Moody Manitoba Morning turned 50 this year !
If you are of a certain age you will be very familiar with the song. It was taught in music class, sung at choir recitals and The Five Bells' cover version hit the charts in 1970. There have been other covers of it since, and in my humble opinion you've not really heard the song until you listen to the wonderful version by Alana Levandoski from a couple of years back (alternate link to audio.)
Moody Manitoba Morning became an unofficial anthem of Manitoba's 1970 centennial celebration and, who knows, might get a bit of airplay during Manitoba's sesquicentennial in 2020.
I caught up with songwriter Rick Neufeld to talk about Moody Manitoba Morning's origins !
Rick Neufeld was born in Deloraine, Manitoba and raised on farms around Boissevain. After completing grade 12 at Mennonite Collegiate Institute in Gretna he moved to Winnipeg and spent a year at the University of Manitoba.
Things did not go exactly to plan in the big city. Neufeld explains, "After a tough first year in the U of M architecture program they changed the degree format completely and I was having doubts about continuing, so when I met Paul Simon after a Simon and Garfunkel concert at UMSU* I decided to quit school during my second year and commit to being a singer songwriter."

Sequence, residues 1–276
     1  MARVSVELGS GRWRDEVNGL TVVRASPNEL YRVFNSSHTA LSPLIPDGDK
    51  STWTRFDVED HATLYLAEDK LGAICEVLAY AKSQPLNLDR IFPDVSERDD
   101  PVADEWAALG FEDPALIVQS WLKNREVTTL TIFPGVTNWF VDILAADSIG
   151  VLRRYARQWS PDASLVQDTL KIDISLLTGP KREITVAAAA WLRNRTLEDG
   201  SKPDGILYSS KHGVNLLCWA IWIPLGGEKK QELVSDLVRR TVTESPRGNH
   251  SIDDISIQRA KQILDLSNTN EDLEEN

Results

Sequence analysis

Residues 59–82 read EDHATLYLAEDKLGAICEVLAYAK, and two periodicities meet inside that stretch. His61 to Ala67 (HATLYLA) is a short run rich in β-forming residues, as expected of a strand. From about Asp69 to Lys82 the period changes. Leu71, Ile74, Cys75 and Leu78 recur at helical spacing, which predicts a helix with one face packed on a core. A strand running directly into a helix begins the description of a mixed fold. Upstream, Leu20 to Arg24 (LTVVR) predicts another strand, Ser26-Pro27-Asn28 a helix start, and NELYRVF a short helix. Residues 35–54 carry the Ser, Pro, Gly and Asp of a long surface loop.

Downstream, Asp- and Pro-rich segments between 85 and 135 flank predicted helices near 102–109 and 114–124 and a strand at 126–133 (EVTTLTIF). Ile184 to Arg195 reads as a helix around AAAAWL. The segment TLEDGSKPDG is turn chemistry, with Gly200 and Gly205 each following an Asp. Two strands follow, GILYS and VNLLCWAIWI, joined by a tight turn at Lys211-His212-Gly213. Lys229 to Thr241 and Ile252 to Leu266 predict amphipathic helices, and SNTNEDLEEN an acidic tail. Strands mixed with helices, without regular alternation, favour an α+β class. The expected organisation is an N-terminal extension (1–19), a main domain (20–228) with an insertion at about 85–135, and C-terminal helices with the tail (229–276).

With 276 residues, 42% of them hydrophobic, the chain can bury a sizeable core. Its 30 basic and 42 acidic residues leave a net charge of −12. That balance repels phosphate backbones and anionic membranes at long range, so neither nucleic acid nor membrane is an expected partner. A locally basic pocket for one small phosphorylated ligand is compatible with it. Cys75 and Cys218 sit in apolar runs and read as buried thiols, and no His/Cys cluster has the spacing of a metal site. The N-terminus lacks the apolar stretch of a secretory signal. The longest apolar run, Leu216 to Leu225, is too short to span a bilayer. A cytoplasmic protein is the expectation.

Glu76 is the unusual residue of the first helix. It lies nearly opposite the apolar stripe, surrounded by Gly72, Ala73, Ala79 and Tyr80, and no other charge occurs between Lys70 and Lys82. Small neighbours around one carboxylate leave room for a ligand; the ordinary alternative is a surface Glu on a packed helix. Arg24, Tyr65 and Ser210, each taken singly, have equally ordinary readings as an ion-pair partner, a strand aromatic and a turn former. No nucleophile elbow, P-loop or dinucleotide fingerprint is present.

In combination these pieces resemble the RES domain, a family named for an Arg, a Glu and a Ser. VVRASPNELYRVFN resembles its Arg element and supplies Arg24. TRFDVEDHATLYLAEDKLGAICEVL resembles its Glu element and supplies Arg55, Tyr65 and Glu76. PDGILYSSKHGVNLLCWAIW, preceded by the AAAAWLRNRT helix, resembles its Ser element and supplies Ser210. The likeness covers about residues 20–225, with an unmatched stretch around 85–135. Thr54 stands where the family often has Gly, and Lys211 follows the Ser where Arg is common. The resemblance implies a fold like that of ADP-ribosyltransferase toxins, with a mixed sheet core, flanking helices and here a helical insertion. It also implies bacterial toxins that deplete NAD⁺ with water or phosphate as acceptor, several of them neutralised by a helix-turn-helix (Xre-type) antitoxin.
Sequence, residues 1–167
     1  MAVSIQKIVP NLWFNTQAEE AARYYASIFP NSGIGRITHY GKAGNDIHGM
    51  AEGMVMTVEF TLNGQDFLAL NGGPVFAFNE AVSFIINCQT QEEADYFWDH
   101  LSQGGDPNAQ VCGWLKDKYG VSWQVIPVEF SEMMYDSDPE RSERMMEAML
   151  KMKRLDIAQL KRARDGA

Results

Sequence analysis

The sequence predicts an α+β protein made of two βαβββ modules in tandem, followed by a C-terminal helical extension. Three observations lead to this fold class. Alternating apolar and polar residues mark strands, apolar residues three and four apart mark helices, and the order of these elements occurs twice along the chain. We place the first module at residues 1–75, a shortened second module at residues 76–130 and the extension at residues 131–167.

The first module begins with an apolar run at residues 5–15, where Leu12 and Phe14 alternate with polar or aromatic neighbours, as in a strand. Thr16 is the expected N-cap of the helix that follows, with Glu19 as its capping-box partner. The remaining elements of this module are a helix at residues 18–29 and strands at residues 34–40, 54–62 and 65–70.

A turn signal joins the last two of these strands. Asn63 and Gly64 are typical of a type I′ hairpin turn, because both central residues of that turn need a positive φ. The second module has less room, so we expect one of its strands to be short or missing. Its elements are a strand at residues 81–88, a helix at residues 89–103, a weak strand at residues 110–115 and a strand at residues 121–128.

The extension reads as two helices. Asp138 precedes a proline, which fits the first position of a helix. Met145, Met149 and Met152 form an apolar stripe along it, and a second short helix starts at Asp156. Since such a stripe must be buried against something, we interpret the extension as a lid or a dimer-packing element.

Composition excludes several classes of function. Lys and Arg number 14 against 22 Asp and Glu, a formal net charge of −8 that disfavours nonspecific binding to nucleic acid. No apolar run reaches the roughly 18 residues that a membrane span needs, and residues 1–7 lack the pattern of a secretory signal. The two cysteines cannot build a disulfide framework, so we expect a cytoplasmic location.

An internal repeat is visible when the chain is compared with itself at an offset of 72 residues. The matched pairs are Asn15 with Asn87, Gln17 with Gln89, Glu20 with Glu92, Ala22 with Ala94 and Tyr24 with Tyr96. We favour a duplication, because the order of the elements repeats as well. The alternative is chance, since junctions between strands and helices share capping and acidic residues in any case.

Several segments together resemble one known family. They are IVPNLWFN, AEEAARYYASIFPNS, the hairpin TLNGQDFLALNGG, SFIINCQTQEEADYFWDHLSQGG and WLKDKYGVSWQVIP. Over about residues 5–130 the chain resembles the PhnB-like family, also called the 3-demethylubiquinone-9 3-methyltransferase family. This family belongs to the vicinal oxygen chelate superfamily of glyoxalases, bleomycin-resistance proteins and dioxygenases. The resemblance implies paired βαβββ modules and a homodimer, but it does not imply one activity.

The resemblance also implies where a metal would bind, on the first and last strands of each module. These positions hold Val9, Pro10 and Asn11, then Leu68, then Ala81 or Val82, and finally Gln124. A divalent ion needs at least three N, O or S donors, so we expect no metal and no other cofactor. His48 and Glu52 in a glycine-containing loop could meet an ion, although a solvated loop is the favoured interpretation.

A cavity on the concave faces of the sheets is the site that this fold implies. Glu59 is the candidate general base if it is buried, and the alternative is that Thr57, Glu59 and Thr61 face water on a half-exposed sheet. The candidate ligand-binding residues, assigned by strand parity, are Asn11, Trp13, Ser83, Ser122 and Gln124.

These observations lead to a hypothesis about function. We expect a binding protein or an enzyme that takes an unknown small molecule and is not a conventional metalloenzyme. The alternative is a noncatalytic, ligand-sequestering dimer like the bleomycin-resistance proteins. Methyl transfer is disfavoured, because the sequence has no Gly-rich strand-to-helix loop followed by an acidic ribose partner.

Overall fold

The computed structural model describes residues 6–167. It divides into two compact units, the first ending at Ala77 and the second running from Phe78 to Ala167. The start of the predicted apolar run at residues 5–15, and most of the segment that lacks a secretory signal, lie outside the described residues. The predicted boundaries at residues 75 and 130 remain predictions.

(In this interview for the Harvest Sun Music Festival, Neufeld recalls how he met Paul Simon in Memorial Park and chatted with him !)
After a year of playing coffeehouses and working as a draftsman at Dominion Bridge, Neufeld went on an extended visit to Europe in late 1967. He says that while in Munich, "I noticed a note on the youth hostel bulletin board of a Canadian with a car looking for someone to help with expenses and driving." That someone turned out to be Richard Hahn, son of composer Bob Hahn who was making a name for himself on the Canadian music scene.
When Neufeld returned to Canada in 1968 it was to the Hahn household in Montreal where Neufeld met Bob. Neufeld recalls, "I was broke and stayed at his home in Montreal and played some of my songs for him which touched his Saskatchewan heart. (H)e gave me money to get me back to Winnipeg and told me to write, write, write." Hahn would become Neufeld's musical mentor and publisher.